On “Punta Cana,” the Lumina II Amators showed off their midrange clarity abundantly as well as their ability to play quite loud, projecting Antony’s voice tangibly into the room. I was once again impressed by how punchy the bass percussion was with these small speakers. The treble percussion, however, was on the verge of being sharp, particularly when I turned the volume up. I attribute that sharpness to both the speakers and the recording. Anthony’s recordings all tend to have a tipped-up treble balance; it’s what gives them that lively Latin vibe. This heightened treble then got pushed higher still by the treble-happy Lumina II Amators.

Sonus Faber

The second single I listened to was Billy Joel’s “Turn the Lights Back On” (16/44.1 FLAC, Columbia Records / Tidal), which is in the style of his 1970s-era Piano Man days. I do like this song, I just wish it had simpler instrumentation, or none at all, to allow Joel’s voice and piano to take the stage fully. In this track, it was not an accentuated treble that caught my attention; it was the sound of the piano: it was fleshed out enough to sound natural and had a satisfying lower end. The Lumina II Amator’s distinctive voicing serves most music genres very well.


The series name Lumina, I assumed, was meant to connote “light.” Many words related to light, in several languages, are rooted in the Latin luminare (literally, giver or admitter of light). In one of my emails to Cucuzza, I asked about that to confirm. The connection to light, it turns out, is not all there is to this name; it is also an acronym derived from the words LUxury, MInimalist, and NAtural. The Amator part is more straightforward: it’s Italian for lover. A rather attractive one, at that. The Lumina II Amator must be one of the best-looking minimonitors I’ve seen. To many, the appeal of this lover will arise not only from how it looks but also from how it sings.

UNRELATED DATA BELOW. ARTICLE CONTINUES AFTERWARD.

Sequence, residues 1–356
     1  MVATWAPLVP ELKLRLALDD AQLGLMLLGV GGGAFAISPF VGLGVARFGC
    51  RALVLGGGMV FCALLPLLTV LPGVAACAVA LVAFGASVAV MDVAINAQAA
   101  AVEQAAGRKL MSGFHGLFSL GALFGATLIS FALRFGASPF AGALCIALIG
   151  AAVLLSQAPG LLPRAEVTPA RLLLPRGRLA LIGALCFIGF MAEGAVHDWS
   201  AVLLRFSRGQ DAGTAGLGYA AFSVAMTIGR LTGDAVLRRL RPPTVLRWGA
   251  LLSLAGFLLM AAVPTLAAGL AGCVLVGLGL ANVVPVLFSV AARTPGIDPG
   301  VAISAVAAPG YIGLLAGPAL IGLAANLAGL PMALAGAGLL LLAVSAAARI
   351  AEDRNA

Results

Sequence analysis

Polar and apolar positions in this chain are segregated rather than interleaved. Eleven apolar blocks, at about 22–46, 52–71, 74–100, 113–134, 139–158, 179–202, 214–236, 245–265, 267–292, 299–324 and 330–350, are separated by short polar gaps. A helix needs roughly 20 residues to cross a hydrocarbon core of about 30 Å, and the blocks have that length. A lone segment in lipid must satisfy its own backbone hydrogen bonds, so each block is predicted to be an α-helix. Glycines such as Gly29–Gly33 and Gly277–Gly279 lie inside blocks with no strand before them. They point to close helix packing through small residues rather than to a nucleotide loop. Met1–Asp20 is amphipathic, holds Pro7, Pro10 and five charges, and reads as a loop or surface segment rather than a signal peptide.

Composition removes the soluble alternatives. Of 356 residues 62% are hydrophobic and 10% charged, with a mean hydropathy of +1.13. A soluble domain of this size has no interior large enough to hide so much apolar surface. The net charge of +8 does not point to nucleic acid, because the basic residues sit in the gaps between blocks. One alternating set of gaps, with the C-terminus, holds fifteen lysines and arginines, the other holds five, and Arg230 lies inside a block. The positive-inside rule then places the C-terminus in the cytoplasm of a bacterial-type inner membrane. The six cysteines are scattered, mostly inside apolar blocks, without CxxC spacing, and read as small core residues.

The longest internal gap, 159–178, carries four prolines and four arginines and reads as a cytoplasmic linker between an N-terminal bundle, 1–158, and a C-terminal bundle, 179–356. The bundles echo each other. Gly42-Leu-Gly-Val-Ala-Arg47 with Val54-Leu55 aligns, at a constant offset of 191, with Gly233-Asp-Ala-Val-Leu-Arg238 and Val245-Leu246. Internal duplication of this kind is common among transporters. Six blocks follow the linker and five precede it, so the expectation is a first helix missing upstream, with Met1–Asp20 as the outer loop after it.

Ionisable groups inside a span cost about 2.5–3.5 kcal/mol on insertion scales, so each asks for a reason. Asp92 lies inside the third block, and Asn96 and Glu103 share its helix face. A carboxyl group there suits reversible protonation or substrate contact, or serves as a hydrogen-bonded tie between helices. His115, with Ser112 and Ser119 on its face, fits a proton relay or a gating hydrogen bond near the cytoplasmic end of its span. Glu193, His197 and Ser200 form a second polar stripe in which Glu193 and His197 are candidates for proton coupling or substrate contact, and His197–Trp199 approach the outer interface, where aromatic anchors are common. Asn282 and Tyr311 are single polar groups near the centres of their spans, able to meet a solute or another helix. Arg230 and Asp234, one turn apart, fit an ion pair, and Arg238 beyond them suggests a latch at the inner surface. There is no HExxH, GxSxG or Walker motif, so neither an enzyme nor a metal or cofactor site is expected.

Sonus Faber

The Amator’s bass is surprisingly deep for its size, its midrange is clear and well balanced, and its treble is prominent, making most recordings sound lively. Just remember that an inherently bright recording will sound even brighter. It would therefore be a good idea to first listen to these speakers with your own music before you buy. If you do audition the Lumina II Amator, make sure to bring along a recording you know to allow a spacious soundstage to be generated. You’ll be surprised how well a pair of these small speakers convey an acoustic space and depict sonic images.

Given its fabulous appearance, good build quality, and made-in-Italy allure, the Lumina II Amator’s price seems reasonable, especially being so close to the previous version. Sonus Faber could easily have hiked the price of this new version by hundreds more without risking being accused of price gouging. The Lumina II Amator might be one of Sonus Faber’s entry-level speakers, but from its look and sound, you wouldn’t know it.

. . . Doug Schneider

Associated Equipment

  • Speakers: Axiom Audio M22 (in-wall version).
  • Turntable: Pro-Ject Audio Systems X1 with Pick it S2 cartridge and Connect it E cable.
  • CD player: Pro-Ject Audio Systems CD Box S3.
  • Integrated amplifiers: Marantz 40n, Emotiva BasX TA1.
  • Speaker cables: QED XT25, Nordost Red Dawn.
  • Power cord: Shunyata Research Venom HC.
  • Power distributor: Shunyata Research PS8.
  • Acoustical treatments: BXI Sound Absorber panels (20), Tönnen Sound panels (2).
  • Speaker stands: Monoprice Monolith 24″.